How to suggest additional services to clients and why you’re doing them a disservice if you don’t. By Ed Mendlowitz The CPA Trendlines Practice Doctor QUESTION: I always feel awkward telling clients they need additional services that I should perform for them. Can you tell something that could “rev” me up for this? MORE PRACTICE DOCTOR Q&A: Yes, You Should Send Rejection Letters | When to Hire an Admin Assistant | 7 Ways to Lose a Client’s Trust | How Much Should You Pay To Buy, Sell or Merge an Accounting Practice? | Why the Average Fee Doesn’t Matter | No More Printouts at CPE Programs? | 6 Ways to Take a Client Beyond Tax Prep ANSWER: Actually, by suggesting additional […]
Are you about to do any of these? Is it worth it? By Ed Mendlowitz The CPA Trendlines Practice Doctor QUESTION: I believe I have a very high degree of client trust. But somehow I feel it is not 100 percent. Any comments? ANSWER: This person has a common problem. The trust is very high – probably higher than any other profession – but not complete. It is rare for trust to be 100 percent. But here are seven ways to lose a client’s trust:
Take this quiz to see whether you’re phoning it in. Do you seek out opportunities to learn new things that will help your clients overcome their most difficult challenges? Selling value-creation advisory services is truly a slam dunk with most modern business owners, according MentorPlus. The bad news is that, although most CPAs would say they are their clients’ most trusted advisor, few could answer the following questions in the affirmative.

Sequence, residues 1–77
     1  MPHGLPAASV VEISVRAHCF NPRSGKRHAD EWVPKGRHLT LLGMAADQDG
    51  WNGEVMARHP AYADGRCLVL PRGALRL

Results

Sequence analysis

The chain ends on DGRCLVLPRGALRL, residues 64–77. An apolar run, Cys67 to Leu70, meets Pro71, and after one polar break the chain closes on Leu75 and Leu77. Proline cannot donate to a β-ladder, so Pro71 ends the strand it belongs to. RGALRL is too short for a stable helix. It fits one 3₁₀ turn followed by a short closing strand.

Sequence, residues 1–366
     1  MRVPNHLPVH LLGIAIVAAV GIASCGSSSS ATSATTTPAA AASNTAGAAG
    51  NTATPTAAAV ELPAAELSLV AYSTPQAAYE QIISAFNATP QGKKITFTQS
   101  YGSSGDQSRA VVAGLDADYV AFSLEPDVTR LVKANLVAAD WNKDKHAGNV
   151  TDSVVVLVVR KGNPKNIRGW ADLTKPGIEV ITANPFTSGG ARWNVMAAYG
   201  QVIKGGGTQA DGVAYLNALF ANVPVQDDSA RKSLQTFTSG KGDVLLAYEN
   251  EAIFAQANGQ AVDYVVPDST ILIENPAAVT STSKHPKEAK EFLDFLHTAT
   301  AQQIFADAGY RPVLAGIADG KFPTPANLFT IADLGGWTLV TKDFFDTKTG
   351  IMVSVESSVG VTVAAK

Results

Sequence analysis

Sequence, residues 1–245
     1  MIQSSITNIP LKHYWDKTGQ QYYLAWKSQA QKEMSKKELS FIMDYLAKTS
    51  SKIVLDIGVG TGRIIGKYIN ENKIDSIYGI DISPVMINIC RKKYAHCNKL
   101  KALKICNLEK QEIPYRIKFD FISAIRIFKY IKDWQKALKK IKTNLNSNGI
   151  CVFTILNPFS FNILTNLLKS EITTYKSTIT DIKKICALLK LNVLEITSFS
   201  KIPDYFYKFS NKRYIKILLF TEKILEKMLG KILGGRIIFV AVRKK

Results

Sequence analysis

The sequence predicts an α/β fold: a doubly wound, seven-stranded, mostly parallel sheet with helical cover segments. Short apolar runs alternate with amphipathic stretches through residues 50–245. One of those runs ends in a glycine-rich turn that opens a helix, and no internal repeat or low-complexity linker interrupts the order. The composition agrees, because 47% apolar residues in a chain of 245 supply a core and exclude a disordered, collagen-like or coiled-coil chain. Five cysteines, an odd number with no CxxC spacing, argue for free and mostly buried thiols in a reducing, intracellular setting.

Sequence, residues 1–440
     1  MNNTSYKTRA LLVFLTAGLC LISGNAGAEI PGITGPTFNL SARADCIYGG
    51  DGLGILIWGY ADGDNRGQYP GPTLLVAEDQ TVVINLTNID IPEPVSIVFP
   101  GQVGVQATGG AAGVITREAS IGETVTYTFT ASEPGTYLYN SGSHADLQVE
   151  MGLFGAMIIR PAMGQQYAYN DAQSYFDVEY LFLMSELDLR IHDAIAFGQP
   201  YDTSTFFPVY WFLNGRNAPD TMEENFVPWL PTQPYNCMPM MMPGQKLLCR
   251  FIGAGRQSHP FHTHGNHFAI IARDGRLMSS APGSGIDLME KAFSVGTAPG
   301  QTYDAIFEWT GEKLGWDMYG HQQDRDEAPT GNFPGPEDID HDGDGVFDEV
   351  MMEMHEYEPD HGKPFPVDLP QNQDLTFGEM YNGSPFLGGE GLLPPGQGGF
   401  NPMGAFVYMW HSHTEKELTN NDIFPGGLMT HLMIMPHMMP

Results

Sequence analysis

Accountants relieve their worst headaches. CPA Trendlines sources are reporting on how much time and money small businesses spend each year on accounting and tax preparation and each month on payroll administration. The data should support practitioners’ value proposition to small business owners: Some 40 percent say bookkeeping and taxes are the worst part of being in business. Owners were also surveyed on their opinions of the most burdensome small business management tasks. Next time you talk to your clients — or prospective clients — these pain points might be worth including in the conversation…
We’ve found at least 50 items. What would you add? By Ed Mendlowitz The CPA Trendlines Practice Doctor QUESTION: What type of information should be kept in, or as, permanent files? RESPONSE: A permanent file should be maintained for each of your clients. This would include the following: Engagement letters Representation letters – I would keep these in the permanent file. An example is that a claim could be made after you no longer have the work paper file associated with the matter. This is especially so with estate planning consultations where a claim could arise many years after a gift tax return was filed. I would keep copies of Crummey letters in the file for the gift tax returns, if […]
Use these busy days to get to know your clients better. With a few quick questions, every client meeting can turn into a new relationship-building opportunity. Ask how the firm is doing as a whole to assess satisfaction. Ask some open-ended questions about the client’s current situation, challenges and goals for the year. Delve a little deeper into potential specific services, such as multi-state tax requirements or pension plan audits. Request referrals. Keep it short and be sure to have a mechanism in place to follow up on the information that you learn from these interactions.
Try these 6 ideas to stop losing business to competitors. By Sandi Smith Leyva The Accountant’s Accelerator It’s rare that I lose business to competitors, and it’s also not an accident. If you are losing business to your competitors, here are some strategies you can use to “become a category of one,” as they say in marketing.